Acute kidney injury (AKI) is a serious disorder that involves a rapid decline in renal function over a short period of hours to days. These events are becoming increasingly common in hospitalized patients and are associated with significant morbidity and mortality. Severe cases can result in end-stage renal disease, and evidence suggests that AKI is a precursor to long-term renal impairment. US healthcare costs associated with these events reach several billion dollars annually. Despite these costs, there are no targeted clinical treatments for AKI. Specifically, no therapies exist that accelerate renal recovery or decrease fibrosis when administered after injury. However, the mammalian kidney possesses an inherent capacity to regenerate after AKI. This process involves the dedifferentiation of surviving tubular epithelial cells that proliferate to repopulate injured area. Therefore, a promising approach to ameliorating AKI-mediated damage lies in developing novel therapies that can enhance these regenerative processes post-AKI. The work outlined in this proposal will elucidate the mechanisms involved in kidney regeneration after AKI by evaluating the ability of a novel class of histone deacetylase inhibitors (HDACis), the phenylthiobutanoic acids, to augment renal regeneration. We have previously shown that a specific compound in this class, methyl 4-(phenylthio)butanoate (m4PTB), enhances tubular cell proliferation and renal regeneration when administered post-injury in both zebrafish and mouse AKI models. This work will provide mechanistic insight into the signaling pathways involved in kidney regeneration post-AKI by examining the role of HDACi-stimulated signaling in promoting renal proliferation and survival in zebrafish larvae. Given the significant healthcare burden posed by AKI, these are critical initial steps in order to improve the treatment options available to patients.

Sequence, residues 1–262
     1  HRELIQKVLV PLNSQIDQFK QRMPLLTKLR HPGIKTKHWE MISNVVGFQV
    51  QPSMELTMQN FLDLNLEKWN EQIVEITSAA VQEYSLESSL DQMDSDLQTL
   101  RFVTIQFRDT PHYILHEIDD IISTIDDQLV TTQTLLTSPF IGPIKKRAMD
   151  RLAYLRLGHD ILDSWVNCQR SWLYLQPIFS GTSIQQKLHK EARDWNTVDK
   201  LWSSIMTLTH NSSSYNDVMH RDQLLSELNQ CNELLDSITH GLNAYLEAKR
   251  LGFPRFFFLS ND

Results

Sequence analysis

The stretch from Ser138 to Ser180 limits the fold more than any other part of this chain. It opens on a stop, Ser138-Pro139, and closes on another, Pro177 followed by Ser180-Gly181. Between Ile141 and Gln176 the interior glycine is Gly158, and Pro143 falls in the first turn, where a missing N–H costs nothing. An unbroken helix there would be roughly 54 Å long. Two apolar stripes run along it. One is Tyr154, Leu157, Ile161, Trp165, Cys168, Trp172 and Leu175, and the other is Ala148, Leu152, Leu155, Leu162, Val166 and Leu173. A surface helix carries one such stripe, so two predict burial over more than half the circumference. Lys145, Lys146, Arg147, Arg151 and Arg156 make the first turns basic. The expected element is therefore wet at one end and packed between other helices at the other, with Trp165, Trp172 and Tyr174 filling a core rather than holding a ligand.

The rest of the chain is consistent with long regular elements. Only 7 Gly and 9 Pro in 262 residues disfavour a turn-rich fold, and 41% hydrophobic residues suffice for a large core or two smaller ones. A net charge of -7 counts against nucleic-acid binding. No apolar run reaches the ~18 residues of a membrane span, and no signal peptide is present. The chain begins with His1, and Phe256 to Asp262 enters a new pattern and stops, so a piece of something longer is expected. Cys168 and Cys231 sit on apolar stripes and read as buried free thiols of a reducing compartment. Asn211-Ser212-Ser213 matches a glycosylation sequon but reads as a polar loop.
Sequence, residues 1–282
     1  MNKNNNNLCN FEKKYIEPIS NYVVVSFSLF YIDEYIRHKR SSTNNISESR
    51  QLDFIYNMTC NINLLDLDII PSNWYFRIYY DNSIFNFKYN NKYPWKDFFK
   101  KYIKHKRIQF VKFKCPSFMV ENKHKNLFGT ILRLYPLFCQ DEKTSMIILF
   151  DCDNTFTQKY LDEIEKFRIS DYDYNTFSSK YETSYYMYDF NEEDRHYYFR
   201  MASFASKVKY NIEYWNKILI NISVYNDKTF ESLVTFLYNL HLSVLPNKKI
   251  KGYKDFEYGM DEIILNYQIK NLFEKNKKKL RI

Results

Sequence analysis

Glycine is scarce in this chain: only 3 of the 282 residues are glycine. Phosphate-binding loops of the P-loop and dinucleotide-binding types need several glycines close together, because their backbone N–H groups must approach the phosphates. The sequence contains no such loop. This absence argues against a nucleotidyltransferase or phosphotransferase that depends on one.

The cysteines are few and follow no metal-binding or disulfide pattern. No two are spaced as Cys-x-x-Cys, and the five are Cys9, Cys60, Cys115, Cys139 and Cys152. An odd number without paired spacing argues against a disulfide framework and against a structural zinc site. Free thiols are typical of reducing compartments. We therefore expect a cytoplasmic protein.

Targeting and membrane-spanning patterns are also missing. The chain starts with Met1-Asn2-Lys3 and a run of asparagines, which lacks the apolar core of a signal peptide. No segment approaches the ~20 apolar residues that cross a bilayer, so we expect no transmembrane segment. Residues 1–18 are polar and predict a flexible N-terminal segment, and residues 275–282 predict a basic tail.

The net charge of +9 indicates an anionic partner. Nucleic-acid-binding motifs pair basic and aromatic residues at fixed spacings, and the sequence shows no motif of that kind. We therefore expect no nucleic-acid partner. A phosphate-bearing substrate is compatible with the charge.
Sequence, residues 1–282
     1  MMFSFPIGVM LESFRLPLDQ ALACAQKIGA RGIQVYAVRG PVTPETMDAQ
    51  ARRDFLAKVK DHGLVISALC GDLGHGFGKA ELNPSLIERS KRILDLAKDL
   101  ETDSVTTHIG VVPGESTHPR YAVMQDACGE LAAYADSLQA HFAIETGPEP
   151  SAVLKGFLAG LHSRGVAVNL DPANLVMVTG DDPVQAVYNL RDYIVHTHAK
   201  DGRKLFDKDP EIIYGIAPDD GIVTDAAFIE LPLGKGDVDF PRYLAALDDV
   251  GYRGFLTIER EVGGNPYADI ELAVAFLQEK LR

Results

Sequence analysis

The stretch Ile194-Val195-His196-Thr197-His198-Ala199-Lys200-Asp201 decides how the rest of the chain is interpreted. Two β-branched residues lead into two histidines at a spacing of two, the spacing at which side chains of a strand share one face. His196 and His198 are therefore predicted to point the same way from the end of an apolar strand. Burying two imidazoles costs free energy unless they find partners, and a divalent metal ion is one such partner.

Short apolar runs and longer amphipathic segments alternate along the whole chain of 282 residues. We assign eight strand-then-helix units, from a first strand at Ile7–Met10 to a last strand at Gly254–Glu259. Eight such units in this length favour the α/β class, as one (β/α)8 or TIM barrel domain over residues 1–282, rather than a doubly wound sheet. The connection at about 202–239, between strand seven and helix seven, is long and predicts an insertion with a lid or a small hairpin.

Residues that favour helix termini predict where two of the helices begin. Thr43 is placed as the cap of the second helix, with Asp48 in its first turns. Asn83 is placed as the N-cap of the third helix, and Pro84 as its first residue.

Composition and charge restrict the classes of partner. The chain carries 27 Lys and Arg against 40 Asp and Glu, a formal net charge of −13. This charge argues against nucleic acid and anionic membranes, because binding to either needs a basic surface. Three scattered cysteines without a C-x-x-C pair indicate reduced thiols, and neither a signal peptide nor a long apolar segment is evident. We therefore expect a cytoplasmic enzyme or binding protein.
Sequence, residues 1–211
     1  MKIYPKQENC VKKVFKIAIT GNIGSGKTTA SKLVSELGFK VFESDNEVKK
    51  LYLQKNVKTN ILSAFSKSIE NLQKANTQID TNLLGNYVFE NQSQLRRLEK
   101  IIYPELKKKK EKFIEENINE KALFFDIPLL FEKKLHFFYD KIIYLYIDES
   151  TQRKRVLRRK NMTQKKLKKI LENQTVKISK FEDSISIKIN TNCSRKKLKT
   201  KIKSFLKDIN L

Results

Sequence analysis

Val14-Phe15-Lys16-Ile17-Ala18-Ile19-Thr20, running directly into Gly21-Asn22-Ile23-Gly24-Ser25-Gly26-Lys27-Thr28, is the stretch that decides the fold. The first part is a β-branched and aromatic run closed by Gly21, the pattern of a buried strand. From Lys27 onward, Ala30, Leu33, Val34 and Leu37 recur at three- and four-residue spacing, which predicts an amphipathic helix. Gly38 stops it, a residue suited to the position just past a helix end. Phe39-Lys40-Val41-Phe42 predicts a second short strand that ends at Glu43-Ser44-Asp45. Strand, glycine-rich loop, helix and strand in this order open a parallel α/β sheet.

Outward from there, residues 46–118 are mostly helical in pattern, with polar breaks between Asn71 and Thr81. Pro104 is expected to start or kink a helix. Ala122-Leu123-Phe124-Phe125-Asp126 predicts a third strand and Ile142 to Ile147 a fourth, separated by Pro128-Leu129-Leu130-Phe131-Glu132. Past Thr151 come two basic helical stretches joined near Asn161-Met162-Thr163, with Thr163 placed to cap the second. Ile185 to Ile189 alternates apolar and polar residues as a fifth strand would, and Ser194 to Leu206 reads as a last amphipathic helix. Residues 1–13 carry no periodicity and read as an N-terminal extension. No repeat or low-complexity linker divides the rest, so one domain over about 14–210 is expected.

Acute kidney injury (AKI) is a serious disorder associated with significant morbidity and mortality, and no targeted clinical therapies currently exist. The work outlined in this proposal will elucidate the mechanisms involved in kidney regeneration post-AKI by evaluating the ability of a novel class of compounds, the phenylthiobutanoic acids, to stimulate retinoic acid signaling and augment renal regeneration. Given the significant healthcare burden posed by AKI, these are critical initial steps in order to expand the therapeutic options available to human patients.